Pet Factsheets

Boredom - keeping your rabbit amused

Regular exercise will help keep your rabbit happy and healthy

Does your rabbit have toys and objects to play with to keep him amused? Or have you never really thought about giving him something to play with? Have you provided environmental enrichment to allow them to exhibit normal behaviours, such as digging? All of these things are important for rabbits.

Why do rabbits need toys?

It's readily accepted that cats and dogs need toys to keep themselves amused, but most people never think of giving their rabbits toys to play and interact with.

Rabbits are intelligent and social animals, and as well as enjoying the company of other rabbits (and sometimes people), they need a lot of mental stimulation in order to keep their body and mind active and in peak condition. Toys encourage a rabbit to display and undertake their natural behaviours, such as digging, nibbling, throwing objects, and skipping and jumping, which helps to keep them fit and occupied. Bored rabbits become destructive and if there are not suitable items to direct their natural behaviours at, these will start to be aimed at other items, such as walls, chair and table legs, hutches and runs, etc.

What sort of toys can rabbits have?

Rabbits can have a wide and varied variety of toys. Toys made of strong, non-toxic plastic, cardboard, willow and wicker are ideal, although make sure that you inspect all the toys regularly for any sharp edges or dangerous holes which they could get a foot or their head stuck in or which may cause them an injury. It is also important to make sure your rabbit isn't chewing and ingesting parts of any toy made from plastic or cardboard which can prove dangerous.

Shop bought toys

If you look in any pet shop they will have a wide selection of toys that have been designed especially for rabbits. These will include rattles, balls, chew blocks, tunnels, etc. However, you don't have to stick to rabbit toys, some toys made for cats, dogs and birds are also equally suitable for rabbits, as are baby toys which are always tough and non-toxic.

Feeding balls/cubes which are designed to keep dogs amused are also ideal for rabbits. These allow the rabbit to play, whilst exercising and being rewarded with food. All or some of the rabbit's daily food ration can be placed in the feeding ball in the morning to allow them amusement over the course of the day. Rabbits are often driven by desire for food, so if a toy is food related it is more likely to be played with as it has a purpose and reward for the rabbit.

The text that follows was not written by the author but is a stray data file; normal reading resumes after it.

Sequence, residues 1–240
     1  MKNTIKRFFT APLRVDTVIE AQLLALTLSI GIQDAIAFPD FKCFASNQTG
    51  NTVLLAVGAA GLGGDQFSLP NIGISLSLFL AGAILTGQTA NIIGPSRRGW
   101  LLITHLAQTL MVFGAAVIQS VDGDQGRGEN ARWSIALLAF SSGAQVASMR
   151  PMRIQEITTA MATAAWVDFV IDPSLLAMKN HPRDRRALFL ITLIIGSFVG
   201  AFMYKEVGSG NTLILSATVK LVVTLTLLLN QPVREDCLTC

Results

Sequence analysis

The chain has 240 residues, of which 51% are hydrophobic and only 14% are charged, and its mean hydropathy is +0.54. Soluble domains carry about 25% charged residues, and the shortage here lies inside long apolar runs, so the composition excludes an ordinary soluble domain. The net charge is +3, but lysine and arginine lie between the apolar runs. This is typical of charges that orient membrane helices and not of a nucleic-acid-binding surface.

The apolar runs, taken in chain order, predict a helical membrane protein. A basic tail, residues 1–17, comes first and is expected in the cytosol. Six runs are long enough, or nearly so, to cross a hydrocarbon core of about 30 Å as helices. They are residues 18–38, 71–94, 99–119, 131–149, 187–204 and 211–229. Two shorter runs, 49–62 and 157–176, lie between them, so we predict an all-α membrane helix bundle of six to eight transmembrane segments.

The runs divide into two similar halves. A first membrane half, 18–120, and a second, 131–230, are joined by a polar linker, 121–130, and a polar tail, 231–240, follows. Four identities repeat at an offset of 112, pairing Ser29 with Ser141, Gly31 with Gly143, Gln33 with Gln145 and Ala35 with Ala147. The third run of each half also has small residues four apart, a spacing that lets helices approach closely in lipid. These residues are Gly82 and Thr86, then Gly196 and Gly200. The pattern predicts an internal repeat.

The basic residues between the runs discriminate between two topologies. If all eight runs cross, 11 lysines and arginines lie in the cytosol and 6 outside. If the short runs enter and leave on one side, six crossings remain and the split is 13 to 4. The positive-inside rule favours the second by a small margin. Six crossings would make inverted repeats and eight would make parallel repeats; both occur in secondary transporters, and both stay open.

There are also a lot of online rabbit toy companies so if you are unable to get to a pet shop you can shop online for your rabbit's toys.

Home-made toys

You don't have to spend a huge amount of money on toys for your rabbit. As well as buying toys, everyday items found around the home that would otherwise be thrown away can make ideal toys for rabbits.

The inner cardboard tubes from kitchen rolls and toilet rolls make good objects for rabbits to nibble on, tear and throw around. However, if the rabbit tries to swallow any of the cardboard then the tubes should be taken away and only given when the rabbit can be supervised. The tubes can be filled with hay and some of the rabbit's pellets or small pieces of vegetables can be hidden in the hay. These can also be tied up to the top of the rabbit's enclosure, so they have to stand on their hind legs and stretch to get the hay and food.

Old magazines are a firm favourite with many rabbits for tearing and digging at, but again ensure the rabbit isn't swallowing any of the paper and any staples are removed.

Large cardboard boxes that are filled with hay or shredded paper, with food items hidden inside them will provide a rabbit with hours of fun as they scramble around in the box, nibbling the hay and searching for the food. Join boxes together and cut holes in them to make a maze system for your rabbit to explore.

Digging boxes can also be supplied. Fill a child's sand pit or a large dog bed with soil or some sand to allow your rabbit the opportunity to dig.

Give your rabbit tunnels to run through and hide in. Some rabbits like boxes that they can sit on, so they are sitting higher up. 

Dangerous toys

Any item which can be swallowed, either whole or if the rabbit chews the toy, is dangerous and shouldn't be given. Likewise, items with sharp edges, those which may be poisonous or toxic should never be given. If you are in any doubt as to the safety of a toy, then it is always safer not to give it and to give them something else.

Rotation of toys

In order to keep your rabbit amused, instead of allowing them access to all of their toys all of the time, you can change their toys each week so they have a different selection to play with.

As you can see supplying your rabbit with a selection of toys doesn't have to be expensive and you will see a difference in your rabbit's behaviour as they explore and discover how to play with toys of different textures, shapes and sizes, not only giving them hours of fun but also rewarding you with amusement as you watch them.

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